Carroll takes blame on call as world (including his own players) takes aim

BY Ross Jones • February 1, 2015

Opportunities to win back-to-back Super Bowls only come around so often.

The Seattle Seahawks came inches short from making it happen for the first time in the NFL in a decade on Sunday night, but saw it all come to an end when unheralded — OK, unknown — rookie cornerback Malcolm Butler picked off a Russell Wilson pass in the end zone with 20 seconds to play to preserve the New England Patriots' 28-24 win in Super Bowl XLIX.

The ill-fated call came on second-and-goal from the Patriots' 1-yard line, and on the heels of a strong four-yard run by running back Marshawn Lynch on a first-and-goal play from the 5.

A run by Lynch — who finished with 102 yards and a touchdown on 24 carries — certainly seemed in order. But with a timeout left, the Seahawks put the ball in Wilson's hands with the in-breaking pass play.

Butler stepped in front of Seahawks wide receiver Ricardo Lockette and made the startling grab, sealing the win with seconds remaining.

And no one is under more scrutiny than head coach Pete Carroll — even if you want to blame offensive coordinator Darrell Bevell who made the play call, the crosshairs are squarely on Carroll. And he knows it.

"I told those guys, 'That's my fault, totally,'" Carroll told NBC Sports after the game. "But we had plenty of time to win the game ... we were playing for third and fourth down, give them no time left ... but didn't work out that way."

After the game, Carroll reiterated where the responsibility sits, saying "Nobody to blame but me."

While Carroll accepted blame for the play call, Bevell said that Lockette could have gone stronger to the ball, according to the Seattle Times.

Common logic might say to give it to one of the best running backs in the league in that situation. Some Seattle players echoed that sentiment following the game.

"Give it to Marshawn ... that's what I was thinking," linebacker Bruce Irvin said via FOX 13, after the game. "Give it to the best back in the league on the 1-yard line.

"How do you throw the ball when you got Marshawn Lynch?" cornerback Tharold Simon said, per Detroit Free Press reporter Josh Katzenstein.

"We've got Marshawn Lynch, one of the best running backs in the league, and everybody makes their decisions and unfortunately, we didn't give him the ball," Seahawks linebacker Bobby Wagner said, according to The Associated Press.

“I think we all were surprised," receiver Doug Baldwin reportedly told ESPN. "We still had a timeout and felt we should take a shot. I don’t know, man. I’m just trying to make up an explanation. Everybody is going to want to blame something or somebody. It shouldn’t have come down to that one play."

And it was a lot worse on Twitter.

Carroll's explanation: He saw the Patriots bring in a formation with eight big guys and three cornerbacks and didn't think Lynch, who tied for the league lead with 13 touchdowns rushing this season, would be able to bull it in against that defense. Plus, if the quick shot in the end zone didn't work out, they were still saving the timeout for after third down, in case Lynch was unable to get into the end zone.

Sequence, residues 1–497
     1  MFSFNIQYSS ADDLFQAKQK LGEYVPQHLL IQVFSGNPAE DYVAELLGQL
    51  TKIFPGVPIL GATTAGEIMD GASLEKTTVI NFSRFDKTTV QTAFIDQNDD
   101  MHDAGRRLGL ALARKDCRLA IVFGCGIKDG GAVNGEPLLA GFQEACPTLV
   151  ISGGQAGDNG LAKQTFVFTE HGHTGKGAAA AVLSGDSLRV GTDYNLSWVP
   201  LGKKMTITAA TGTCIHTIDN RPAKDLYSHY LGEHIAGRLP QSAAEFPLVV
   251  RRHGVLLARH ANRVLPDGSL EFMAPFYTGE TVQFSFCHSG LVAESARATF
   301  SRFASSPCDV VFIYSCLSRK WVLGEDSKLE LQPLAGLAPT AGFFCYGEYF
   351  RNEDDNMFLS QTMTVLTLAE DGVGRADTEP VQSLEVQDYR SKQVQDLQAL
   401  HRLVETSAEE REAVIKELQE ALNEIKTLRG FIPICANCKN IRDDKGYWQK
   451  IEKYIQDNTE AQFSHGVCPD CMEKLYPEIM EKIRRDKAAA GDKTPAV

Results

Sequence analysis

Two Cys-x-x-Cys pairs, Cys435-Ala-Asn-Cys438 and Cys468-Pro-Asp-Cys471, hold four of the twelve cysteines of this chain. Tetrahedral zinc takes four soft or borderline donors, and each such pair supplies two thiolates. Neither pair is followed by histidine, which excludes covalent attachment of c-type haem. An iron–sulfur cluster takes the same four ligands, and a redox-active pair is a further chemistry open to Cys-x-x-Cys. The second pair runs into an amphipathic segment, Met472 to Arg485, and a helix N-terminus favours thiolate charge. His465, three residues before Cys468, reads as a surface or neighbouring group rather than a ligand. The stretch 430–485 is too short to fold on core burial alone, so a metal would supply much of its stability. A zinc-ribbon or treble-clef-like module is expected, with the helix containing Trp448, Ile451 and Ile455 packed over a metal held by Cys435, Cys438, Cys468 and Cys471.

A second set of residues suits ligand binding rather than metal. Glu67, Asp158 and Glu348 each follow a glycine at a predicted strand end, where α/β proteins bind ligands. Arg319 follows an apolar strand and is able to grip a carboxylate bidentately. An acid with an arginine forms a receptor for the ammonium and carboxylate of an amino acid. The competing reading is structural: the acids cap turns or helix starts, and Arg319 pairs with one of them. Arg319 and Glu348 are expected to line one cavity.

"It's not a great matchup for us to run the football, so we were going to throw the ball, really to waste a play," Carroll said. "If we score, we do, if we don't, we'll run it in on third or fourth down."

Instead, Wilson rifled in a pass and Butler made a fantastic play.

"They're goal-line plays. That didn't surprise me," Belichick told NBC Sports. "They do a lot of things down there. We had to be ready for everything."

For an unheralded rookie cornerback who played Division III football a year ago, it's a play that will go down in Super Bowl history.

"I just had a vision that I was going to make a big play and it came true," Butler said to NBC Sports after the game.

Only moments earlier, things were playing out much differently for Butler. He was in coverage — good coverage — against Seahawks receiver Jermaine Kearse and appeared to bat the ball down for an incompletion. But as Kearse was falling, the ball bobbled between his legs, and he kept it in the air by batting it twice while tumbling. Kearse made the catch on his back for a 33-yard gain that gave Seattle a first-and-goal at the 5.

Butler went to the sideline.

"My teammates were saying, nine out of 10 times, that ball is incomplete," he said. "It was devastating."

As for Lynch, was he surprised with the play call? The Seahawks running back was direct when talking to ESPN's Jim Trotter.

"No. Because we play football. It's a team sport."

Wilson, the third-year quarterback, put the blame on his shoulders for making the risky throw in traffic.

"I put the blame on me," Wilson told assembled media members after the game. "I'll have to watch it again. I don't know what I could've done different. I put the blame on me because I'm the one who gave him the ball.

"I thought it was going to be a touchdown. But I put the blame on me. I'm the one who threw it."

However the blame is divvied up, the Seahawks missed out on a golden opportunity to bring home another Lombardi.

— The Associated Press contributed to this report



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